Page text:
A course creator on social media asks:
Tricia, I’m concerned about the scope of my security measures for my membership site. I’m a new business owner, and cash flow is still an issue. Could you please advise as to the minimum measures I should take to keep my site safe and secure?
Wow. This is a great question. When new entrepreneurs first start thinking about securing their membership site, quite often their focus is on protecting their content. Securing the site itself is often overlooked. Unfortunately, many of us wait until it’s too late to begin implementing solutions. Rest assured, if you have not had a problem yet, you will at some point in the future.
There are two types of threats you must guard against. The first category has to do with internal business operations. These have more to do with your host and include server disasters, data loss, and hard drive failures. It’s not uncommon to see frantic posts on social media about the many hours lost because business owners weren’t prepared for the possibility of something like this happening.
The second level of website vulnerability comes from outside of your business. Many small business owners mistakenly believe that only larger companies need to take precautions against threats like hackers and malware attacks. This couldn’t be more wrong. Often hackers threaten the smaller sites because they’re easier to break into, and with the growth of sophisticated hacking software, it’s easier than ever to hack hundreds of small and vulnerable websites. Combined, these provide the same amount of information a larger site would provide.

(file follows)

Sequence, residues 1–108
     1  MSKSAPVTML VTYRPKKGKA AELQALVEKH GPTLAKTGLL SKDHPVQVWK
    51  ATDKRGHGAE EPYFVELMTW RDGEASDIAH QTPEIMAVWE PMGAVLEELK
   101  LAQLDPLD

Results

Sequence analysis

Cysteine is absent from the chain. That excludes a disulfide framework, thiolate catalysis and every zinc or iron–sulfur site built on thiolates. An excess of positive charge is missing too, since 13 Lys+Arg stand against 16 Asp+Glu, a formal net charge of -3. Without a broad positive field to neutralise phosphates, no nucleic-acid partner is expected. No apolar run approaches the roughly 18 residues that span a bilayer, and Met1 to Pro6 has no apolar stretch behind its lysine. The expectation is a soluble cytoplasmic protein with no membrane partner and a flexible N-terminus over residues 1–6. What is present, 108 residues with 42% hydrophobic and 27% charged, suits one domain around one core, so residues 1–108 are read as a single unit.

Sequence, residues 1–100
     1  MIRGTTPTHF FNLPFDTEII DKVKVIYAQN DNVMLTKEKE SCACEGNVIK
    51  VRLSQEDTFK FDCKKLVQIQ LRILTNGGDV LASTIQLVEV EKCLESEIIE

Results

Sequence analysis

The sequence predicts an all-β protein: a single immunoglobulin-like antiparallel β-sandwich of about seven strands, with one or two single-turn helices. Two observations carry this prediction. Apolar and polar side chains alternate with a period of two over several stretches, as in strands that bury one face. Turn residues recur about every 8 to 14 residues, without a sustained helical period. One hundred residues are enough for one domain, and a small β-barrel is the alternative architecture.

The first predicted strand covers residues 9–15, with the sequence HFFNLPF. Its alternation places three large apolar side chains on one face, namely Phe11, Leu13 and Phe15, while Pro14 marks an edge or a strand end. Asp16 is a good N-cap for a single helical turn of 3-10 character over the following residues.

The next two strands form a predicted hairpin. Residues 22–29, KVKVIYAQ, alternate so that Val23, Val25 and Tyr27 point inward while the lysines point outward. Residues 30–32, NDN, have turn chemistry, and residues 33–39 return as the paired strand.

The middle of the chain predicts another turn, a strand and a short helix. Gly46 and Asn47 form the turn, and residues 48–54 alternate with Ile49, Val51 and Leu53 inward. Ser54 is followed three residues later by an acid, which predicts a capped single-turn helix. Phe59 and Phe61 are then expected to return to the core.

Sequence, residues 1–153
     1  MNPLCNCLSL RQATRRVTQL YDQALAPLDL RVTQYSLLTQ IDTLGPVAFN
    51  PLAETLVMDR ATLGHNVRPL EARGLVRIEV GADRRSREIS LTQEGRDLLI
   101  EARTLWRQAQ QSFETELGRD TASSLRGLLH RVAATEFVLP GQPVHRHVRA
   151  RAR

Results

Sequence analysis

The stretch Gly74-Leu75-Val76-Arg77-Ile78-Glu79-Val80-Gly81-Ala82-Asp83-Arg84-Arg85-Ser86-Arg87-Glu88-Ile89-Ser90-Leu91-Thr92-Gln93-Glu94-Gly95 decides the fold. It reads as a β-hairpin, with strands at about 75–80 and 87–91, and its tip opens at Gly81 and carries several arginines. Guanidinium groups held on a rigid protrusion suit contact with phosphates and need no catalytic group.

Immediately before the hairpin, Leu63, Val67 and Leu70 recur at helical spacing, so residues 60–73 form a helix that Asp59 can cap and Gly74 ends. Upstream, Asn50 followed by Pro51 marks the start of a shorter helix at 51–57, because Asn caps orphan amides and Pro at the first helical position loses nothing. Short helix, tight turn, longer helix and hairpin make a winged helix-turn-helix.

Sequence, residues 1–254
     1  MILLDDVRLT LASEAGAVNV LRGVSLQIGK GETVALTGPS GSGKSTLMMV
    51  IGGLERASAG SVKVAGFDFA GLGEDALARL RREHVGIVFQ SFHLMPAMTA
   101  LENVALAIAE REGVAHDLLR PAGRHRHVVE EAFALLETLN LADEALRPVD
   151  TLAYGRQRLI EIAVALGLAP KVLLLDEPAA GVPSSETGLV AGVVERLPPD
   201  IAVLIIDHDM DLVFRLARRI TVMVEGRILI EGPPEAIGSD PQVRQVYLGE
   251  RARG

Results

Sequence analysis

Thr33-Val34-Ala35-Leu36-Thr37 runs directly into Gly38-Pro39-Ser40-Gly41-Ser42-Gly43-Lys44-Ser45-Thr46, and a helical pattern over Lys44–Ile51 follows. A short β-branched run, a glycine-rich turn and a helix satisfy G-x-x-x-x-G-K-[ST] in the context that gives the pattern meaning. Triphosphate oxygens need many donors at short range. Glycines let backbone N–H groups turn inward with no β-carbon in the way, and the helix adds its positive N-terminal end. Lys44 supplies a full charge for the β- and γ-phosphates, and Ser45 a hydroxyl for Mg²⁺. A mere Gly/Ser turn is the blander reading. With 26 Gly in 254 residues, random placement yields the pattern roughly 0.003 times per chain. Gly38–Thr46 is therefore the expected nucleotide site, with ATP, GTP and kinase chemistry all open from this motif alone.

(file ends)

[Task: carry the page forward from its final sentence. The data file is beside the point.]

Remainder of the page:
Therefore, while entire books could be written on the subject of website security, here are eight strategies you can easily implement today. Best of all, they won’t break the bank.
1. Regularly Backup ALL of Your Site Data
Chances are, you are already using applications like Dropbox, Google Drive, or OneDrive to backup documents and photos on your hard drive. Nonetheless, are you backing up all the important elements of your WordPress site? If you’re not, start doing so immediately!
Let me repeat that…start doing so immediately.
There are several great (and free) WordPress plug-ins that will automatically backup all of your posts, site pages, user information and database files. Personally, I recommend spending a few bucks for the Backup Buddy plugin. It is simple and easy to use and works behind the scenes to routinely backup your entire WordPress site. You even have the option to backup to multiple locations like your computer, your cloud storage account, or an FTP server. If for some reason a scheduled backup fails, it can even send you an alert so you can correct the issue before it’s too late. It will save you lots of time and is well worth the money.
2. Keep All Applications Up-To-Date